In a significant political move, the Pakistan People’s Party (PPP) has chosen to endorse the Pakistan Muslim League-Nawaz (PML-N) candidate for the prime minister’s position. However, PPP Chairman Bilawal Bhutto-Zardari clarified during a Tuesday news conference that despite this support, his party would not become a part of the federal government.
Bilawal Bhutto-Zardari announced the withdrawal of his candidacy for the prime minister’s post, citing that “the PPP doesn’t have the mandate to form the federal government.”
This decision follows days of consultations between the two major political parties in the country. The PPP’s move introduces a new dynamic in the political landscape, signaling a strategic alignment while maintaining a distinct role.
Meanwhile, the Pakistan Tehreek-e-Insaf (PTI) asserted that the former ruling party, under the direction of its founder Imran Khan, intends to forge alliances to establish governments in both the Centre and Punjab.
PTI spokesperson Raoof Hasan, speaking to the media in Islamabad, stated that the party, guided by the former prime minister, rules out talks with the PML-N, PPP, and MQM-P. Instead, the PTI is directed to form a coalition with Jamaat-e-Islami (JI) in Khyber Pakhtunkhwa (KP) concerning reserved seats.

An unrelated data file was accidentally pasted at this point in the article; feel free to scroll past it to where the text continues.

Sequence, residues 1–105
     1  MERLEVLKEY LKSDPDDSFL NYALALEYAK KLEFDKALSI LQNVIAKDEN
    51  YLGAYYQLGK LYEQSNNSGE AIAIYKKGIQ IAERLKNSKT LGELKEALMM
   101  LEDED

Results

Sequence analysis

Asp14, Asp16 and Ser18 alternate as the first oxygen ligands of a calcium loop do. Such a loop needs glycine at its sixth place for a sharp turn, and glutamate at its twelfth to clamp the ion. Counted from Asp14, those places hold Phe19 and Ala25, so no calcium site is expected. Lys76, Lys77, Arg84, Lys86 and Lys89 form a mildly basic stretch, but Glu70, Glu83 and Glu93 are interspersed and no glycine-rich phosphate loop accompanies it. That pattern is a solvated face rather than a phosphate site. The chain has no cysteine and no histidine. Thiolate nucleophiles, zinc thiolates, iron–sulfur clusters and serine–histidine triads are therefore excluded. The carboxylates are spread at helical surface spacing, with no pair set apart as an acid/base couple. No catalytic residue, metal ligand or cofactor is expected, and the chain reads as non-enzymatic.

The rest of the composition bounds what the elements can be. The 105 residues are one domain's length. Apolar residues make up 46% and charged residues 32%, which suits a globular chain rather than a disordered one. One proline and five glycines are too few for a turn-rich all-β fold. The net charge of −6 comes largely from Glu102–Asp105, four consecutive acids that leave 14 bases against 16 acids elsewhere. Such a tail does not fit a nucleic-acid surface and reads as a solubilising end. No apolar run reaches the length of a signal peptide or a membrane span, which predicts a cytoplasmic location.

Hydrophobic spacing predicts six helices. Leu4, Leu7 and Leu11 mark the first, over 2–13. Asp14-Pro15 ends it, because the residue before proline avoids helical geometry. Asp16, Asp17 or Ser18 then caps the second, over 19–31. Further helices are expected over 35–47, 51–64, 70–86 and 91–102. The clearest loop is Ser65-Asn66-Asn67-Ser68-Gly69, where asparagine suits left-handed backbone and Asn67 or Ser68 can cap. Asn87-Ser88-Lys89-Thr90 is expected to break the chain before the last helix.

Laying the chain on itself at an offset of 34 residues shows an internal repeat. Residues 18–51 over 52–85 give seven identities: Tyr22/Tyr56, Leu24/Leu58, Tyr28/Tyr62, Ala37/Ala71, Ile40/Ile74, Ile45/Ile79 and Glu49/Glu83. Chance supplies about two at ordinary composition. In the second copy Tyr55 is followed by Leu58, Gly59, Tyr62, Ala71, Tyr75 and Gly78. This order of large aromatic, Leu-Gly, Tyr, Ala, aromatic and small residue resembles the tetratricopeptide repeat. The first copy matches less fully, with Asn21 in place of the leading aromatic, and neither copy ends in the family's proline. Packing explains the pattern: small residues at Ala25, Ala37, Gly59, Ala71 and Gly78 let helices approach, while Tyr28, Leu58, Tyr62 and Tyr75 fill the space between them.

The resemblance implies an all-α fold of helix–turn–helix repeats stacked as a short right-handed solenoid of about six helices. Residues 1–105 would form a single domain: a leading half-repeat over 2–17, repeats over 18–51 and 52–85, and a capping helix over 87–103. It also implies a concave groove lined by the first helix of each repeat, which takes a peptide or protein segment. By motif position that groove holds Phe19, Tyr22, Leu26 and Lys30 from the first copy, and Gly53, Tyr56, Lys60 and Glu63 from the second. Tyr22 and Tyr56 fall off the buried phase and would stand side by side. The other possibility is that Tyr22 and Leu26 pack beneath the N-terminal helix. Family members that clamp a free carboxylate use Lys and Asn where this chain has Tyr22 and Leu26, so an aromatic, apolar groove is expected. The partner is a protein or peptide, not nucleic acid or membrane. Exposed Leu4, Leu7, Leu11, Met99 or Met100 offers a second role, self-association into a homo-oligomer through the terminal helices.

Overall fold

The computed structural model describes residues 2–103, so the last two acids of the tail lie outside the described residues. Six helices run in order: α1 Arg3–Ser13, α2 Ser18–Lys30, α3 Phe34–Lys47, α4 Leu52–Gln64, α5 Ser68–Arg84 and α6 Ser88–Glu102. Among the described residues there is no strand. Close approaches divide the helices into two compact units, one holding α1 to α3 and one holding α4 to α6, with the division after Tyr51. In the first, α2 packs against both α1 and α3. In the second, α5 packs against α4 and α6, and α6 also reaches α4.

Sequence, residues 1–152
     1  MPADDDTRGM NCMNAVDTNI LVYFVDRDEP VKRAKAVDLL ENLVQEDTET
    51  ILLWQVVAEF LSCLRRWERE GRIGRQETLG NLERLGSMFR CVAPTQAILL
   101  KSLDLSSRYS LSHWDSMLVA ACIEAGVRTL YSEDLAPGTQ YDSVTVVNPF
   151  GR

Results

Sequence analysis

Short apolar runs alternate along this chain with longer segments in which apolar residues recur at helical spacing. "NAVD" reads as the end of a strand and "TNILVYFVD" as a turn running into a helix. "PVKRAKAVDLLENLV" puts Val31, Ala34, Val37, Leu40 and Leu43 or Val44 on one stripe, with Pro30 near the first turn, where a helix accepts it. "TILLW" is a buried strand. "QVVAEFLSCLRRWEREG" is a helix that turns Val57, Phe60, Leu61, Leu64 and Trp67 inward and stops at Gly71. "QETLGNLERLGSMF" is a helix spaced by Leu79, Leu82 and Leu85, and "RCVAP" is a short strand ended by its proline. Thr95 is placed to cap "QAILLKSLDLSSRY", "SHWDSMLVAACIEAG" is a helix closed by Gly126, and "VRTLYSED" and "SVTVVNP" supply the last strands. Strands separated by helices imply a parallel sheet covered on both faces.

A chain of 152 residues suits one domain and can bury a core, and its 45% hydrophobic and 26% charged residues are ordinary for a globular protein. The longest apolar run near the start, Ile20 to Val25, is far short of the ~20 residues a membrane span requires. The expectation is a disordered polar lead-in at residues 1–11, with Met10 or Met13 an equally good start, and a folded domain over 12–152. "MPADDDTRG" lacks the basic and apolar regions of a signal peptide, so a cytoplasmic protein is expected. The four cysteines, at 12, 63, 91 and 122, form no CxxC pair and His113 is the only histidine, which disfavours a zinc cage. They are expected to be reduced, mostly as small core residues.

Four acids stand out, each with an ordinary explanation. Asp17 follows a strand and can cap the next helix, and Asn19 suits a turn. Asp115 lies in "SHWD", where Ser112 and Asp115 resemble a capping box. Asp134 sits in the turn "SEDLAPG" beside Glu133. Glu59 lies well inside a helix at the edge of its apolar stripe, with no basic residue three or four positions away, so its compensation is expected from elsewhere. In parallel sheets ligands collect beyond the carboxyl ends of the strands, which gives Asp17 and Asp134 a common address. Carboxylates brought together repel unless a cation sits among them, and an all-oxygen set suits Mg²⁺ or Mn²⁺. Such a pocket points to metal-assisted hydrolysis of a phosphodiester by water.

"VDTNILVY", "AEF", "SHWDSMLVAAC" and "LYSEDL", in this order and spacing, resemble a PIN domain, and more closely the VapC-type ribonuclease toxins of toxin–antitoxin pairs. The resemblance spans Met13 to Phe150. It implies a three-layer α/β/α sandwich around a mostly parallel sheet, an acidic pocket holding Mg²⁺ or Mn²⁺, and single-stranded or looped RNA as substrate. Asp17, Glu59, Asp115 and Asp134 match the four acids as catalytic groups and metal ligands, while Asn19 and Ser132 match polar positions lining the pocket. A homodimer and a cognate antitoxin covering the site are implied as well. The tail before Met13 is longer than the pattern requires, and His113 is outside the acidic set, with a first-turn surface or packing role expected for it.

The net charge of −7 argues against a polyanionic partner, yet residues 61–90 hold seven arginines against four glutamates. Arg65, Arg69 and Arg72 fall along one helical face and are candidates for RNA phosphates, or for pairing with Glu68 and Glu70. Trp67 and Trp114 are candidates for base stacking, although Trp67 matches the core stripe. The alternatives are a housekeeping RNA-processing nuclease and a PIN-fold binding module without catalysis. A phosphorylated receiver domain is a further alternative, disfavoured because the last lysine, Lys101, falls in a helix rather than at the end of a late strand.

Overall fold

The unfolding political scenario raises questions about the nature of alliances and power dynamics in the country, with parties strategically positioning themselves ahead of crucial political developments.
As the landscape evolves, these decisions are likely to impact the future trajectory of governance and political collaboration in Pakistan. Overall, PPP backs PML-N’s PM candidate but opts for opposition role, declining participation in Federal Government.